Technology and tradition – old meets new in modern-day China
SHANGHAI 18 APRIL 2013:The 2013 Interior Motives China Conference got off to a great start last week at its new home at the Hilton Hongqiao in Shanghai. The theme of this year’s event – the sixth hosted by Car Design News’ interior-focused print magazine, Interior Motives – was ‘Technology and Tradition; old meets new in modern-day China.’ Held over two days, it attracted an audience of more than 400 senior designers and automotive media, who were invited to take part in vibrant – and sometimes heated – discussions around a range of compelling topics.
Over 300 multinational delegates were in attendance
Session One: Chinese design in context
Session 1 Gustavo Guerra, chief designer
of the Volvo Group Design Center Shanghai
The first session, chaired by Euan Sey, editor of Interior Motives, examined where Chinese design fits into the regional and global markets and what single trait will define it in years to come. Gustavo Guerra, chief designer of the Volvo Group Design Center Shanghai, put forward the opinion that the sheer scale and diversity of China makes the prospect of establishing a ‘C Factor’ almost impossible to imagine. “China does not need a design ‘C Factor’,” said the Brazilian designer, “China needs brand values, communicated through design.”
In his presentation, Mike Ma, vice president of the Geely Technical Center, explored how design is presented within his company from traditional renders and clay models to new CAD techniques. “We, the designers are living in the great age to create new products with wonderful tools and materials,” he added.
Next to speak was Chen Zheng, vice director of the Changan Design Center. He began by discussing the nature of Chinese design, arguing that it was still “innocent” because the environment is generally immature. On the subject of whether Chinese carmakers should focus on creating international or distinctly Chinese products, he asserted that “design should not be defined by national borders,” but rather is a reflection of the self and a projection of human emotion.
Session Two: ‘Back to Basics’
Session 2 (l-r) Bumsuk Lim,
Xiao Ning, Ren Zhiguang,
and Shao Jingfeng
Session two was chaired by Art Center College of Design’s Bumsuk Lim and followed neatly on from the first by delving deeper into the question of how designers can cater for the needs of Chinese consumers. First to speak was Xiao Ning, co-design director of the Guangzhou Automobile Company (GAC). He stressed the importance of proper research in helping to understand who the consumer really is, and the central role that designers should play in this research. He also pointed out that the results of this research seem to diverge greatly between domestic and foreign brands.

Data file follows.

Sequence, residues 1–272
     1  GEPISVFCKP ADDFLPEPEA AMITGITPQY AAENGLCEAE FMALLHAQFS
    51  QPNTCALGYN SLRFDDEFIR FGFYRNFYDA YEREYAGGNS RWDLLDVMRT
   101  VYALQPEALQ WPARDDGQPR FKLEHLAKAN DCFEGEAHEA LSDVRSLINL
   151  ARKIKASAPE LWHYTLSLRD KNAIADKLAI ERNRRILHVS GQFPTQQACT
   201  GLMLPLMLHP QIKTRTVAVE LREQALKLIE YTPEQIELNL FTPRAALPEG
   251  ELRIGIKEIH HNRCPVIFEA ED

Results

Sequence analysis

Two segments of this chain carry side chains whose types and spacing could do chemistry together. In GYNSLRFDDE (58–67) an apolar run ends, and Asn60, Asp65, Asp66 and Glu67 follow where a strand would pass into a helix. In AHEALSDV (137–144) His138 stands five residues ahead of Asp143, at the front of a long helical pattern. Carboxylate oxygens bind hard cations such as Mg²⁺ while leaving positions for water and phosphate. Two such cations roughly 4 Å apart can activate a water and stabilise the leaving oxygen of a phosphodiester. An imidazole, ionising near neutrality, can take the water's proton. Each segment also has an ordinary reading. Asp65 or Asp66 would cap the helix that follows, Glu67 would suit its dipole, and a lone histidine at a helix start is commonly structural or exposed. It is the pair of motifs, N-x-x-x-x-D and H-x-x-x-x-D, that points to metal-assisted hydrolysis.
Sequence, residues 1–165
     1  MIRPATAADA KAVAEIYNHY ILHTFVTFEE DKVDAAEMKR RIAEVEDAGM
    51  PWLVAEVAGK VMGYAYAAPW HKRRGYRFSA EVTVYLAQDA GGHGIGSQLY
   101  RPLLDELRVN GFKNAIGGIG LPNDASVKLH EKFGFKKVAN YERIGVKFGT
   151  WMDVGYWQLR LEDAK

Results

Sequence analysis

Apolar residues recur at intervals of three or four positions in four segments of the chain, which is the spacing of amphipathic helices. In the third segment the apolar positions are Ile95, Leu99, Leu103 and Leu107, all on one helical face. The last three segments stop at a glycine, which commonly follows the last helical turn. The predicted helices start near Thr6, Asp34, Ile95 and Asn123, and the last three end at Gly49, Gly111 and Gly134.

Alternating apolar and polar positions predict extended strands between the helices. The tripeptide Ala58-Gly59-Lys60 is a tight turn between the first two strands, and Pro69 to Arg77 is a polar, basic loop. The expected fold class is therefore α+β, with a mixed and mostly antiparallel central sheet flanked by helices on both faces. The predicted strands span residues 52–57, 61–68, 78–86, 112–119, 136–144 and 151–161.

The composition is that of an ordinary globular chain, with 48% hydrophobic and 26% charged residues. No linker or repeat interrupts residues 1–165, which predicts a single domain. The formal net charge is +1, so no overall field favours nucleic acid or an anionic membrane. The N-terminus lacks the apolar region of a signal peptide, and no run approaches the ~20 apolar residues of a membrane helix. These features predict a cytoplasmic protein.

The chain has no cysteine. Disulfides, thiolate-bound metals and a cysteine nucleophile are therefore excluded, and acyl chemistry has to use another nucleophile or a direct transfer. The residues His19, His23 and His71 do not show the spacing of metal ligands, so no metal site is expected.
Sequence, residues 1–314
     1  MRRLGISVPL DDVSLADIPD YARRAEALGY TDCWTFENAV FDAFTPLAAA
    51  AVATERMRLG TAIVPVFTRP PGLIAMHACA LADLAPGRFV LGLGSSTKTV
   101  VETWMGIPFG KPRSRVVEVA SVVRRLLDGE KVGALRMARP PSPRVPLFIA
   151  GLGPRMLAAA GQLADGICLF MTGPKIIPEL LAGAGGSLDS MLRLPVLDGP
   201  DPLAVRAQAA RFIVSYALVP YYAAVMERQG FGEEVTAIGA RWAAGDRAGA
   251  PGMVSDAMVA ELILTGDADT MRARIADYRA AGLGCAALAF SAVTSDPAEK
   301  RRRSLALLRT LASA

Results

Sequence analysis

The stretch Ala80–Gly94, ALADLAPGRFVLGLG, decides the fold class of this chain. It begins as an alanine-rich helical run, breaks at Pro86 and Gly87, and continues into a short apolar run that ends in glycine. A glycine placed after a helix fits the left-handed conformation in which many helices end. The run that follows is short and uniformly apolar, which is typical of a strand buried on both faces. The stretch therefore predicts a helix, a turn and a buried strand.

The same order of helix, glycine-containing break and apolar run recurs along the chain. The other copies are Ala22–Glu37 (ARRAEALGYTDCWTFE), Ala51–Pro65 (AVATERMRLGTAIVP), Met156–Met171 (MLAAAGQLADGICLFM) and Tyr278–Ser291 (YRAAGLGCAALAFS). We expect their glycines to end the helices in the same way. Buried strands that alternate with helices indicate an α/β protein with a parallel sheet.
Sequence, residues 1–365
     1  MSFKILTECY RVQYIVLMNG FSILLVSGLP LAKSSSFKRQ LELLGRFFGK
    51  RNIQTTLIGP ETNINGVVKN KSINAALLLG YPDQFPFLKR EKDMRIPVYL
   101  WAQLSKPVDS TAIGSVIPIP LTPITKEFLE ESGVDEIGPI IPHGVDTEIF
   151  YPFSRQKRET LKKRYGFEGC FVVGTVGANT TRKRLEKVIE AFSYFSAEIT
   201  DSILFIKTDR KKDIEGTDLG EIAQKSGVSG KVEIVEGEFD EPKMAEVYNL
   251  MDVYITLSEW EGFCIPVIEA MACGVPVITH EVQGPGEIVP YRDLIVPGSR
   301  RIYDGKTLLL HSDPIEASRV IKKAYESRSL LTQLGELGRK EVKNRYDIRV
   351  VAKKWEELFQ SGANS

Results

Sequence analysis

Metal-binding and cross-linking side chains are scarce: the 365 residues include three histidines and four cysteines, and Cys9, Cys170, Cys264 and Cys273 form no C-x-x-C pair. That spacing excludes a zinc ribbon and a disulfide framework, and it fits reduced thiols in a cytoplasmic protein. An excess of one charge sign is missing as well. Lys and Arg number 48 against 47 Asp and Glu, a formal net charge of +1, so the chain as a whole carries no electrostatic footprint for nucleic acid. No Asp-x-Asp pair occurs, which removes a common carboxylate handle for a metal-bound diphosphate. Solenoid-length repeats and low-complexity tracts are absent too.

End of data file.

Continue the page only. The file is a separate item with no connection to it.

Shanghai Haima’s director of styling, Ren Zhiguang, followed that up with the provocative statement that “home-grown brands are suffering from joint ventures”. His presentation examined the relationship between management and the design team, exploring how designers must help decision-makers move the brand in the right direction. In terms of catering to customer needs, he posited that carmakers should focus on reflecting their personality – particularly on the interior – by blending together inherently Chinese properties such as quiet reflection and moderation.
The final speaker of the session was SAIC design director Shao Jingfeng. During his frank and entertaining presentation, Jingfeng said that the days of trying to apply clichéd Chinese graphic elements such as the Beijing Opera mask into the design of vehicles were over, and that for local brands the most pressing need was not to cater to Chinese consumers but to ask the question “Who am I?” If anyone has an answer to what constitutes Chinese design – let alone good Chinese design – he said, please come and find him, as he would be very interested to hear their thoughts.
Read the full report on the conference on Car Design News: Day 1 and Day 2.
The sponsored Eagle Ottawa cocktail reception was
the perfect time for students and designers to network